Sirens, shouting crowds inside the statehouse and a visit from Robert F. Kennedy Jr. were not enough of a distraction Sunday for the House Health and Insurance Committee to move forward a bill designed to increase vaccination rates for Colorado children.
Lawmakers voted 7-4 to approve the legislation.
Senate Bill 163, called the School Entry Immunization bill, is sponsored by Sen. Kevin Priola, R-Henderson, Sen. Julie Gonzales, D-Denver, and Rep. Kyle Mullica, D-Northglenn. Mullica is the only lawmaker who is a nurse. It now goes to the House Appropriations Committee to determine if its cost is something the budget can handle.
Sunday’s testimony was emotional from parents and health care professionals on both sides. Waiting in the hallway were moms and dads rolling their children in strollers; other kids squirmed on their parents’ laps. Some made the trip across the state to voice their opposition to a law that they see as unconstitutional.
“I will never vaccinate my children,” said Michelle Boleware, who with her husband, Denny, drove her three home-schooled kids from Rifle. Boleware says she has an auto-immune disease that she says was caused by receiving vaccines. “If this bill passes, I won’t comply.”
If passed, SB 163 would require parents who want to claim religious or personal belief exemptions for their children to either provide a certificate for the exemption signed by a licensed physician or hand over a certificate of completion of an online course about vaccines.
“Who will design this re-education course? The same folks who told us that masks were useless over COVID-19 and then that masks were absolutely necessary?” testified conservative blogger and commentator Michelle Malkin, who lives in Colorado Springs. “Do not trust these experts on vaccines or data.”
The efficacy of science was often the battleground during Sunday’s debate. Former Rep. Kevin Lundberg also testified, “In my 16 years I learned not to trust public health because they are not good sources of information….They are not the good guys. They are the bad guys.”
Alicia Norris Heim, with Colorado Parents for Vaccinated Communities, countered: “(Opponents) co-opted the tagline ‘Believe women' in light of the #MeToo movement with their misguided phrase ‘Believe mothers.’ How about we believe doctors and public health professionals?”
Senate Bill 163 would also standardize the exemption form, which supporters say would allow them to better collect and analyze data about why parents choose not to vaccinate, another sticking point for opponents, who liken the data collection to “big brother” tactics.
Sunday’s dissent at the statehouse, however, does not reflect recent polling conducted last month by Keating Research, a Democratic-aligned firm, which found that 88% of Coloradans believe all children should be vaccinated against contagious diseases like measles, mumps, and chickenpox before attending school or a childcare center. That’s an increase of four percentage points since a similar poll was taken in November of 2019.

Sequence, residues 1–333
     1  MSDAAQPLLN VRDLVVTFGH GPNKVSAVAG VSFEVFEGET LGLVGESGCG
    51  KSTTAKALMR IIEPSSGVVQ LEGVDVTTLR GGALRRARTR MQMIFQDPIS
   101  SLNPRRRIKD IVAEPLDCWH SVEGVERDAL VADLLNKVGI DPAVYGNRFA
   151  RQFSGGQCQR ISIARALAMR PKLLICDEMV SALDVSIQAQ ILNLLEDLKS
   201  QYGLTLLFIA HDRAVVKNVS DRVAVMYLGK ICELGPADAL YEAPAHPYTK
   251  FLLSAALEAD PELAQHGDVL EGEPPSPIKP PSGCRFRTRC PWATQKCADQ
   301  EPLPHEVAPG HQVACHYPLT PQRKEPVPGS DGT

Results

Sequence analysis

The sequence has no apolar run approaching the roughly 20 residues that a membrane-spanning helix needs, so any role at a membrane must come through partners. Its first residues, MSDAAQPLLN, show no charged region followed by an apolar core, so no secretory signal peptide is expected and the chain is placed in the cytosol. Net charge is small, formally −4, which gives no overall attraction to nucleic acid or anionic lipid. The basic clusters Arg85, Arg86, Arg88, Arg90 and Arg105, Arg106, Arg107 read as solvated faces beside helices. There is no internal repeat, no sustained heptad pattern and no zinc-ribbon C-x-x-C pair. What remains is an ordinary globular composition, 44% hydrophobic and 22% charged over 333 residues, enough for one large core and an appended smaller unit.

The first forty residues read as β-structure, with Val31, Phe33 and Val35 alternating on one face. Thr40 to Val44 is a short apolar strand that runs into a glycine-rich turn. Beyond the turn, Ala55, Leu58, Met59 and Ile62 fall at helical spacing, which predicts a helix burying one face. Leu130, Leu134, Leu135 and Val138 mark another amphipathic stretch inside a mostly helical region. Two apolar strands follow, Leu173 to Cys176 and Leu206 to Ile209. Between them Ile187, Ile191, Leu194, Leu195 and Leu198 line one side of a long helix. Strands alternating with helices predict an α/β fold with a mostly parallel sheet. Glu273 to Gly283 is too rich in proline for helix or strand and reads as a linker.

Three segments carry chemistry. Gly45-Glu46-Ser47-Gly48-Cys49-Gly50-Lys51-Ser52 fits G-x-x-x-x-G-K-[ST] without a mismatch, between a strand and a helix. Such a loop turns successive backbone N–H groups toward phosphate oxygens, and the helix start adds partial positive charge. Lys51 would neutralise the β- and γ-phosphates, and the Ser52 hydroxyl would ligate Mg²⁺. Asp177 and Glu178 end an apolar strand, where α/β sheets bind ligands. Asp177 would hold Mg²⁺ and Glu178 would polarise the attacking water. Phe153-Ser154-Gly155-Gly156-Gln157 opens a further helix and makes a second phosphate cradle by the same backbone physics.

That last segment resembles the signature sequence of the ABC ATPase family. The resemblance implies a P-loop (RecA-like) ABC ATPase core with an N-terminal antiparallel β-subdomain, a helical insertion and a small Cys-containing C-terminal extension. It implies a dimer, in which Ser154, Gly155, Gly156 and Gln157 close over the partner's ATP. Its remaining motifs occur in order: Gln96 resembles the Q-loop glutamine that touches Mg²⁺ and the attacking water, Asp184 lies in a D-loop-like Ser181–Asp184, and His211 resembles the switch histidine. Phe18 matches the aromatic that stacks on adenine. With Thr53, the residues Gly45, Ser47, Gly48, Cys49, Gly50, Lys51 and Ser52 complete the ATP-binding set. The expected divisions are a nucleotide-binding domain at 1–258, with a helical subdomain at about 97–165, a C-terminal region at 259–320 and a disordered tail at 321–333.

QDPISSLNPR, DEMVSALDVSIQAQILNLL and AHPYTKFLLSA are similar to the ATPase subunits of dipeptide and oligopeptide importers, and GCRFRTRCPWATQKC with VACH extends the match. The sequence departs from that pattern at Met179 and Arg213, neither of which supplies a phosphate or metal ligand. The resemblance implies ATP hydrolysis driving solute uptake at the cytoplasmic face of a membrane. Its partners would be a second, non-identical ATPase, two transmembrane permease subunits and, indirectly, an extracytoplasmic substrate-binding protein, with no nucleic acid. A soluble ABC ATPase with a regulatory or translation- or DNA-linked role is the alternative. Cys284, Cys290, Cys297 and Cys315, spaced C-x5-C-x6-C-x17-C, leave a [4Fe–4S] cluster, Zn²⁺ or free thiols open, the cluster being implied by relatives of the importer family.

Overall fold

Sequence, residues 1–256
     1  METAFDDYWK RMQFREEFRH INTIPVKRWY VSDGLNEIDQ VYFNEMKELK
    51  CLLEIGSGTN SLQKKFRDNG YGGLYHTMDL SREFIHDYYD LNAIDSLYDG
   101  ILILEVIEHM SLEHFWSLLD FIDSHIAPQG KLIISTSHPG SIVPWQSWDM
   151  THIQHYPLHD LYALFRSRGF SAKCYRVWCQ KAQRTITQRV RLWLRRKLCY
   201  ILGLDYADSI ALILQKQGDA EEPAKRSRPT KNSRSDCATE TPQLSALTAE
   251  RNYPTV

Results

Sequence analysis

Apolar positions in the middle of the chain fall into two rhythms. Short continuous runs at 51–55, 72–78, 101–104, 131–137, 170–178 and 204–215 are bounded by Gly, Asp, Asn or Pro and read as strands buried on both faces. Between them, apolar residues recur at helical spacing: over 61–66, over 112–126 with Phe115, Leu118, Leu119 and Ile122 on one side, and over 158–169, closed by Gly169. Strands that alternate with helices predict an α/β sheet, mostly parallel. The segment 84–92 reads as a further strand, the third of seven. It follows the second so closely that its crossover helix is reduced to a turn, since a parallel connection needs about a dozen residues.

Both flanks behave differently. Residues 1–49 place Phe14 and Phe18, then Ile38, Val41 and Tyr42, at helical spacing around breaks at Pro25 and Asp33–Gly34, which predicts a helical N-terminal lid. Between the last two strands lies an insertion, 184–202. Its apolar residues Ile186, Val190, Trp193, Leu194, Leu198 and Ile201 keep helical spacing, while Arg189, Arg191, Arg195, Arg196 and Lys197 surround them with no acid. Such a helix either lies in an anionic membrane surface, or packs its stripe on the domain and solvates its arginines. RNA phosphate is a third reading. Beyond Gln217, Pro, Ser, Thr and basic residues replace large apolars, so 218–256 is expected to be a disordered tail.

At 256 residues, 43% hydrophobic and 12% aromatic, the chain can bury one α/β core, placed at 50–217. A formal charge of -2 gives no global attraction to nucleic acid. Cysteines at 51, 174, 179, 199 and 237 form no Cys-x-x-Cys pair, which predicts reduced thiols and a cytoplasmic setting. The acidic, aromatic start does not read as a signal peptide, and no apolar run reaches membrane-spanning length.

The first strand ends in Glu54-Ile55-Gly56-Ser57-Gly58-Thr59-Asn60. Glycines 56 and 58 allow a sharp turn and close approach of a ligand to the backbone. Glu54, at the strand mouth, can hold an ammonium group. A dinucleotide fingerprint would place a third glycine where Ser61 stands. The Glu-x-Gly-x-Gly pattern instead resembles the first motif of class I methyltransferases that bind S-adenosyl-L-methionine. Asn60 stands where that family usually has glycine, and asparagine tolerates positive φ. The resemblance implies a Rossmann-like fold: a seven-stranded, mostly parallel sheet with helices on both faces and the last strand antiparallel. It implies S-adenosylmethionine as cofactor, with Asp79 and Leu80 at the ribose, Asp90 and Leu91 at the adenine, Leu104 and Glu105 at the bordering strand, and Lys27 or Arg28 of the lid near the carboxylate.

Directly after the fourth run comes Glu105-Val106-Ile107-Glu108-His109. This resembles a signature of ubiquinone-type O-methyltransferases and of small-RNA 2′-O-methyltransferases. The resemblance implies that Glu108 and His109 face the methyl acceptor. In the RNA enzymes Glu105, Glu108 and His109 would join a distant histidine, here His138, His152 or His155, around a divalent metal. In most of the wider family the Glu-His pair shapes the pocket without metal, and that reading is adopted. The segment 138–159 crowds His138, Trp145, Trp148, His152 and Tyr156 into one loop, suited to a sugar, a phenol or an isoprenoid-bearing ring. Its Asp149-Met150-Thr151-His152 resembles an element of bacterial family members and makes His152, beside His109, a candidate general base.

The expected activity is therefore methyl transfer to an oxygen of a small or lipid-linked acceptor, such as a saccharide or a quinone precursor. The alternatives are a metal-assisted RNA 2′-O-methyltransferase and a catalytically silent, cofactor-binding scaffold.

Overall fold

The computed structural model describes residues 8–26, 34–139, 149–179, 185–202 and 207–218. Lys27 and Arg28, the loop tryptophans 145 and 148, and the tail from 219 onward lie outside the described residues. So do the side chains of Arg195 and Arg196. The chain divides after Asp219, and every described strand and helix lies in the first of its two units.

Dissatisfaction with the process
Some people who opposed the bill saw the fact that the statehouse limited the number of people who could enter the building due to social distancing as a way to silence them. Others were upset because they had to skip church to attend the hearing on the first Sunday that many churches re-opened since Gov. Jared Polis revised his Safer-at-Home order.
Each side was given 90 minutes of public testimony in a legislative session pressed for time. This is compared to the pre-pandemic Senate hearing last February, which lasted 15 hours. At times Sunday, chants of “We will vote you out” and “This is our house” outside the doors of the hearing threatened to drown out supporters’ testimony.
“They were crying out because they themselves could not speak,” explained an angry Rep. Dave Williams, R-Colorado Springs, “The reason you saw the behavior is how this process was set up.”
During an afternoon of emotional debate, listeners applauded, cheered and jeered from listening rooms when they agreed on a point made. When Williams was asked to tone down his comments, he responded, “I’ll say whatever I damn well please.”
Hearing a vaccine bill during a pandemic
Still, the fact that a bill to encourage parents to vaccinate their children was making its way through the House during a time when the world is in the middle of a public health crisis did not escape lawmakers.
“If we can’t pass a vaccine bill during a pandemic, when can we?” said Rep. Sonya Jaquez-Lewis, D-Boulder, who is a pharmacist.
“We’re last in the country. We must do more.”
Outside the State Capitol, hundreds of maskless people attended a rally to hear Robert F. Kennedy Jr. speak out against the bill. When asked if this is a tough time to oppose a vaccination bill because of the fear over the COVID-19 pandemic, one dad, Julian Gross, responded, “People get the flu all of the time. They can worry about their kids. I’ll worry about mine.”